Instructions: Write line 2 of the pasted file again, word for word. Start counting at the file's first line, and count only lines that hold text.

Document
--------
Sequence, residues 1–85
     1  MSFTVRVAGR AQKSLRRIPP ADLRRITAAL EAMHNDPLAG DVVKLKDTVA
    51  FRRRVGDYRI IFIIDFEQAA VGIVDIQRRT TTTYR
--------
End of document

     1  MSFTVRVAGR AQKSLRRIPP ADLRRITAAL EAMHNDPLAG DVVKLKDTVA